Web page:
The new musical, with vivid central performances by Cornelius Smith Jr. and Kristolyn Lloyd as Frederick and Anna Douglass, channels Douglass’s power through some astute culling of his journalism, autobiographies and speeches. (Its subtitle is “Frederick Douglass in His Own Words.”) The conceit invests the work of Hummon and co-book writer Charles Randolph-Wright — who also supplies excellent direction — with historical accuracy. It also gives them a lyrical leg up, as there is undeniable music in Douglass’s elegantly persuasive turns of phrase.
“We need the storm, we need the whirlwind, and for the nation’s sake, we need the earthquake,” Douglass and the ensemble sing, in the stirring chorale, “We Need a Fire.” As a first-act finale, the song — incorporating some twists on Douglass’s phraseology — is a kind of motivational summation of the experiences of the young Douglass, after escaping slavery and making an extraordinary ascent to ever-greater influence. When the song is reprised at evening’s end, the lyrics will seem to travel through time in Arena’s Kreeger Theater to implore us to continue the fight against racism and injustice.
A worshipful dimension of “American Prophet” cannot be denied: Music director Joseph Joubert sits at a keyboard below the lip of the stage, his back to the audience, as if he were the church organist, and Arnulfo Maldonado’s terraced, wood-paneled set could support a heavenly choir. A sense of putting Douglass’s best foot forward carries over into the narrative, which is careful not to portray the great man as anything but dignified. It’s not so much a flaw on this rewarding evening as an indication of a need for some loosening up — more humor — in the show’s next incarnation. Some additional poetic license might also be called for to convey the toll Douglass’s outspokenness took on him and his family, for instance, and what vulnerability might be touched in such a strong-willed crusader, in such lethal times.
The musical chronicles the first half of Douglass’s life, from his enslaved childhood in Maryland, where he’s taught to read by a sympathetic White woman, to his activist years leading up to the Civil War and a White House encounter with Abraham Lincoln (Thomas Adrian Simpson). The backbone of the story — and according to the musical, the woman who reinforces his spine — is Anna, who is played by Lloyd with such dazzling presence that Douglass’s wife emerges as a star, too. (Costume designer Dede Ayite’s marvelous dresses, with pinched waists and full, flowing skirts, assist aptly in the magnetism.)
Kristolyn Lloyd and Cornelius Smith Jr. as Anna and Frederick Douglass in “American Prophet.” (Margot Schulman/Arena Stage)
Smith makes for a winningly virile, impassioned Douglass. The other star here is Hummon, a fixture in Nashville’s country music community, who has found a ravishing musical language to match Douglass’s. “American Prophet” started several years ago as a modest song cycle, performed in a Tennessee church, and the production’s roots in oratorio are still apparent. With jazz, blues and bluegrass motifs, his score abounds in authentic American flavors, underscoring a central point of “American Prophet”: that despite Douglass’s professed ambivalence about this country, he was not just a hero, he was an American hero.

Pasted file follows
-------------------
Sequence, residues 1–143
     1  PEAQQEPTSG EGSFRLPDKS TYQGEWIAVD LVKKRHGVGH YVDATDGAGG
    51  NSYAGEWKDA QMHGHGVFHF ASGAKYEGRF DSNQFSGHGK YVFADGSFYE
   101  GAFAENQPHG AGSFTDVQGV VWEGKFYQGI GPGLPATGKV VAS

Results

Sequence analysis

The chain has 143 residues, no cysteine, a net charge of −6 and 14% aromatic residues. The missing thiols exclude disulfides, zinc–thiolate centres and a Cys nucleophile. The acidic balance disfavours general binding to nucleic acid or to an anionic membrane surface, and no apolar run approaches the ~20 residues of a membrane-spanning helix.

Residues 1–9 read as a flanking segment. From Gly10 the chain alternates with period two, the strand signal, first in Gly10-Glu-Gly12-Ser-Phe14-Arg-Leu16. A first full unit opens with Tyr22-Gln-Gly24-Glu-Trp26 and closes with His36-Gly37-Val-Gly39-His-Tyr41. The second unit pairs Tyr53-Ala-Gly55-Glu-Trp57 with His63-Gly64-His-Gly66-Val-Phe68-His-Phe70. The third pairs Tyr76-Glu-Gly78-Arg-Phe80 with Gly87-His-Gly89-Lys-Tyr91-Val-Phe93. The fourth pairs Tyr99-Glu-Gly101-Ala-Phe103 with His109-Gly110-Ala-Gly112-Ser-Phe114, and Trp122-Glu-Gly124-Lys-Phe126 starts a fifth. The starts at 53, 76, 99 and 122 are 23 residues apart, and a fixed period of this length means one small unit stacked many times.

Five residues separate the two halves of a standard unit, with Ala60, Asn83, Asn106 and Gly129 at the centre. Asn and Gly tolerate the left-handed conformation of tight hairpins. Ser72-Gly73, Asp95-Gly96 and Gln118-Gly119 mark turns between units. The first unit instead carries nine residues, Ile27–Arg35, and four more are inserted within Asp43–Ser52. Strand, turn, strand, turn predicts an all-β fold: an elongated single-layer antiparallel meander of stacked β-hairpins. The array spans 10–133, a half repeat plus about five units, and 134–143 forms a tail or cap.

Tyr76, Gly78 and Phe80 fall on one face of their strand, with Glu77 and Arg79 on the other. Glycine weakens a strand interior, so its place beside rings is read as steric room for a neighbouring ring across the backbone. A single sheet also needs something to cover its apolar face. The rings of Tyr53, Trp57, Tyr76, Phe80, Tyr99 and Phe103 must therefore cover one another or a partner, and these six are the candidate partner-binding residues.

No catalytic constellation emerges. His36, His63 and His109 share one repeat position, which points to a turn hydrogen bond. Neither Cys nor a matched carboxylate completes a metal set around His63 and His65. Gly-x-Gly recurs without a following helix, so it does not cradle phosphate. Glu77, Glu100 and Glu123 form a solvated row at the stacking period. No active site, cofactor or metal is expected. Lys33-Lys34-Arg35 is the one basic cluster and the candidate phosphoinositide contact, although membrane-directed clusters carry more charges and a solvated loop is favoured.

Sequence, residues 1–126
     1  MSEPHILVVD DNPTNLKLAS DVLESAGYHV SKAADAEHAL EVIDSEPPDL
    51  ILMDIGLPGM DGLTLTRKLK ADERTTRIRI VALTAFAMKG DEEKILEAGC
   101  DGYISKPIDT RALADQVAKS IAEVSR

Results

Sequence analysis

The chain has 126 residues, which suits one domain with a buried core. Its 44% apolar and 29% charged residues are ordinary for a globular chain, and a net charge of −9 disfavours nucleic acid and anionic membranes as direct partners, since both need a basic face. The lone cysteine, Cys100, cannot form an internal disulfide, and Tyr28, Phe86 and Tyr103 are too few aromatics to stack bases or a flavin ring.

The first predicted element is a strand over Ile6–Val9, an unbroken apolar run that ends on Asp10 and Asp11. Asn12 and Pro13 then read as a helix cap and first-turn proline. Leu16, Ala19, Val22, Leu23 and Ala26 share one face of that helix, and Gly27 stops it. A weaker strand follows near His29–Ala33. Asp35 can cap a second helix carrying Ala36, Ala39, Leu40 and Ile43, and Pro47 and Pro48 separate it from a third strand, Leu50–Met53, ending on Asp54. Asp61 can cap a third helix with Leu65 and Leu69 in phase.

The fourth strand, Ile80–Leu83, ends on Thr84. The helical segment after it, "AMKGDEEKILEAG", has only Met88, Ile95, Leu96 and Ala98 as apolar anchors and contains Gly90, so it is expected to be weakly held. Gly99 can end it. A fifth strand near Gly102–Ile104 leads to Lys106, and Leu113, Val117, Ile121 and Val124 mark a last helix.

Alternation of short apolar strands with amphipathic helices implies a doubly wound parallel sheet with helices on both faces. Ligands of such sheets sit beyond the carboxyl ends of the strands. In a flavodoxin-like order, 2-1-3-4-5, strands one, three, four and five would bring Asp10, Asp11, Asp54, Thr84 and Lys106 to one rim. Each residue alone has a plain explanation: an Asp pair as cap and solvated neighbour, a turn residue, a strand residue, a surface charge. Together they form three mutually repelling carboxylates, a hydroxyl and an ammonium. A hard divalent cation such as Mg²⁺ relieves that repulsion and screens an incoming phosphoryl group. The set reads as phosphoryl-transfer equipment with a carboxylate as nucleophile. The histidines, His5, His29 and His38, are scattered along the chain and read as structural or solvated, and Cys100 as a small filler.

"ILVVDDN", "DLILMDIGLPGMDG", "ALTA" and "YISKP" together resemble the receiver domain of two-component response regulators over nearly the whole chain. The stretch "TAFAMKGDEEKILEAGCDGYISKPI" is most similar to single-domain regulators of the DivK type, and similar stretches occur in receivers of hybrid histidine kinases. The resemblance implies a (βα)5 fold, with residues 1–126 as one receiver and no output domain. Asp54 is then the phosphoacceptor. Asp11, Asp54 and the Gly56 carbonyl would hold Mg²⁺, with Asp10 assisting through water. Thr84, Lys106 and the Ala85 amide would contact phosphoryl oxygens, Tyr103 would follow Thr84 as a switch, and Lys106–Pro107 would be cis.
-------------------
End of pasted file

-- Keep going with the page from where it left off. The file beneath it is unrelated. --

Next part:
Hummon grants Smith and Lloyd a radiant number at their first meeting at a Baltimore dance: “Children of the Same River,” about their common connection to Maryland’s Eastern Shore. And Chris Roberts, nuclear-charged as firebrand abolitionist John Brown, receives well-deserved opportunities to shake up an audience in the rousing “We Need a Fire,” as well as a spirit-raising anthem, “Hands,” to spur on Brown’s uprising.
The musical’s score, accompanied by a seven-member orchestra, often unfolds with only brief bits of dialogue. The approach requires the score to rapidly incorporate momentous pivots in the Douglasses’ story, such as his escape from slavery, or Anna’s involvement in the Underground Railroad. As a result, an audience member will reap the most satisfaction entering the Kreeger with some knowledge of Douglass’s astonishing life.
And because so much of “American Prophet” hews to Douglass’s own words, any shift of focus is a bonus. One of the more interesting interludes is a musical account of how Douglass adopted his surname. In the Act 2 song “Mr. President,” too, Hummon has the inspired idea of musicalizing the regrets of three Black leaders who meet with Lincoln and make the mistake of not speaking their minds to him.
“We all come from somewhere else, Mr. President!” sings the trio (played by Christopher B. Portley, Correy West and Curtis Wiley), to the alluring choreography of Lorna Ventura. “That’s what we should have said!”
You get the sense in “American Prophet” that Douglass himself never left anything unsaid. It’s a credit now to this creative team that enshrining him in a musical means his words will never be unsung.
American Prophet, music and lyrics by Marcus Hummon, book by Hummon and Charles Randolph-Wright. Directed by Randolph-Wright. Choreography, Lorna Ventura; music direction and orchestrations, Joseph Joubert; set, Arnulfo Maldonado; costumes, Dede Ayite; lighting, Rui Rita; sound, Dan Moses Schreier. With Erica Aubrey, Cicily Daniels, Kanysha Williams, Christopher Michael Richardson, Kurt Boehm, Brendon Schaefer, Zoe Bryant. About 2 hours 15 minutes. Through Aug. 28 at Arena Stage, 1101 Sixth St. SW. 202-488-3300. arenastage.org.